War Theory: A Technical Analysis of War of the Worlds [Part 1]

By Daniel Duffy 02 May 2017 4

"No one would have believed in the last years of the nineteenth century that this world was being watched keenly and closely by intelligences greater than man's and yet as mortal as his own; that as men busied themselves about their various concerns they were scrutinised and studied, perhaps almost as narrowly as a man with a microscope might scrutinise the transient creatures that swarm and multiply in a drop of water. …Yet across the gulf of space, minds that are to our minds as ours are to those of the beasts that perish, intellects vast and cool and unsympathetic, regarded this earth with envious eyes, and slowly and surely drew their plans against us. And early in the twentieth century came the great disillusionment." – War of the Worlds

Part I – Reverse Engineering the Martian War Machine – The Heat Ray and HMS Thunder Child 

This article is a “history” of H.G. Wells classic science fiction novel, “The War of the Worlds”, as if it actually happened, complete with technological assessments, logistical evaluations and strategic analyses. Naturally, the first subject will be prominent given the vast technological superiority of the invading Martians. 

One incident in particular from the book can serve as the basis for this technical analysis: the encounter between three Martian war machines and HMS Thunder Child as described in book one, chapter seventeen. The battle, which is depicted as taking place off the mouth of the River Blackwater in Essex, was the only known incident in the war where Humans defeated the Martians. When the Martians arrive at the coastline, HMS Thunder Child is laying offshore with other ironclads of the Royal Navy escorting shiploads of refugees fleeing the Martians. The Martians wade out into the ocean in pursuit of the refugee fleet. 

Thunder Child

Defending the refugees, HMS Thunder Child steams directly at the three Martian tripods now wading out into the offshore waters. Initially confused as to what the craft could be, the Martians at first attack it with a canister of poisonous black gas. The canister bounces harmlessly off Thunder Child’s hull as it continues its advance. The Martians then retreat shoreward and higher ground to gain firing advantage with their heat rays. A blast from the heat ray of the first Martian tripod penetrates the ship’s hull but fails to damage the ship’s steering gear or engine. HMS Thunder Child then rams the first Martian which crumples and collapses. HMS Thunder Child fires its guns, but does not score any hits (though a shell almost hits a fellow steamer). It continues to steam towards the second Martian, though its interior is now on fire. The second Martian fires its heat ray into the heart of Thunder Child just before impact. Thunder Child then explodes into flaming wreckage. The explosion staggers the Martian and the ship’s impetus allows the now dead Thunder Child to ram the Martian full on, destroying the second Martian. The clouds of steam generated by the heat ray obscure what happens next. When the clouds clear, neither Thunder Child nor the third Martian can be seen as the Royal Navy ironclads take up guard positons shoreward of the refugee fleet.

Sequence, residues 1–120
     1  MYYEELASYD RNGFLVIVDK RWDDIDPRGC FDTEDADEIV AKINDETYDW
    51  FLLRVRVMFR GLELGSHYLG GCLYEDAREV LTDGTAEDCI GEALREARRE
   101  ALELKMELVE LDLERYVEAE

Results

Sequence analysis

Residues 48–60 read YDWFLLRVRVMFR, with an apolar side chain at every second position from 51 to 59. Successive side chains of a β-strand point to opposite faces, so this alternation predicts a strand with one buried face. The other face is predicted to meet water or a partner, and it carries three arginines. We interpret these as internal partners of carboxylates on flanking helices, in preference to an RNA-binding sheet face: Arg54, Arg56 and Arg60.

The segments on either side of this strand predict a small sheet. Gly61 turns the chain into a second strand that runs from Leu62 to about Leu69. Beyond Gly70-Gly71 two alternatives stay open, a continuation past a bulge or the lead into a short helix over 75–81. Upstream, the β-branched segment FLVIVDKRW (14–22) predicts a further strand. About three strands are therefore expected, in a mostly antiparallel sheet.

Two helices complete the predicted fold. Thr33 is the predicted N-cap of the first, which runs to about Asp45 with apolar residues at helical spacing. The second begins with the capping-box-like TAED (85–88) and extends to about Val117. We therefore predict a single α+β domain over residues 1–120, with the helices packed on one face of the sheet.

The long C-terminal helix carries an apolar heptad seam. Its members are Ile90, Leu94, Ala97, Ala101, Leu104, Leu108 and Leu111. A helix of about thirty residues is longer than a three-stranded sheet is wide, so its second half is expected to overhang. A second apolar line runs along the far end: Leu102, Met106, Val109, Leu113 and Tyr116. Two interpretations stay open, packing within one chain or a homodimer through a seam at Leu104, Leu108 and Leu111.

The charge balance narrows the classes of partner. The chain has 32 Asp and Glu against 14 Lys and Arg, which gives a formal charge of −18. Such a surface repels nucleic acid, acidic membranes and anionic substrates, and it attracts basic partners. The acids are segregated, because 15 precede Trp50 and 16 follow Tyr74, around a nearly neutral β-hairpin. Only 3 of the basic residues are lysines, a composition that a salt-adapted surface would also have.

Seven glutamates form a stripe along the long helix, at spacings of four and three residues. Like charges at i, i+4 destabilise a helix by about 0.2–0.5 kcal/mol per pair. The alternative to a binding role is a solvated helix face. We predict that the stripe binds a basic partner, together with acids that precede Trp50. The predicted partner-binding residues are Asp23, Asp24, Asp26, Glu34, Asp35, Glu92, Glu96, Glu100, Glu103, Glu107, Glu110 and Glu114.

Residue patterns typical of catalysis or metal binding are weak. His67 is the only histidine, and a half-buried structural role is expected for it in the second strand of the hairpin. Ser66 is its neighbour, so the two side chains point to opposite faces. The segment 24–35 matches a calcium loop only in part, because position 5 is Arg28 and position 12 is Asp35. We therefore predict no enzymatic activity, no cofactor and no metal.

HMS Thunder Child was an ironclad torpedo ram, based on the very real HMS Polyphemus. This was the only ship of this class commissioned by the Royal Navy (1882, two other ships were ordered but never built). An ironclad torpedo ram such as HMS Polyphemus was a rather odd hybrid vessel whose tactical use on the open sea was never quite figured out by the admiralty. Unlike HMS Thunder Child, it had no deck guns, relying on five torpedo tubes and 18 torpedoes with a maximum range of 600 yards. Its class of ship, and the tactic of ramming itself, was soon rendered obsolete by the introduction of quick traversing and quick fire guns (ramming only proved effective against ships already dead in the water, in any case). Its design specifications and construction plans describe its steel plate armor as “deck 3 inches’ compound armor, hatch coamings 4 inches, conning tower 8 inches”. The Martian heat ray is described as penetrating this like a “white hot poker through paper”. 

HMS P

So, what can this information tell us about the Martian heat ray? 

Begin first with metallurgy. Carbon steel has a temperature of vaporization (the temperature at which steel boils) of approximately 3000 degrees C. By comparison, the surface of the sun is approximately 5,500 degrees C. Carbon steel also has a specific heat value (the amount of energy needed to raise one kilogram of steel by one degree C) of 502.4 Joules / (kg * deg C). 

Assuming the heat ray was of a relatively large diameter (up to a 1 foot - based on description of the heat ray’s large camera-like projector and its effects on troops in the field) it would have to vaporize 905 cubic inches of carbon steel to punch through its thickest 8" armor plating. This is equivalent to 257 lbs of steel or 116.6 kg.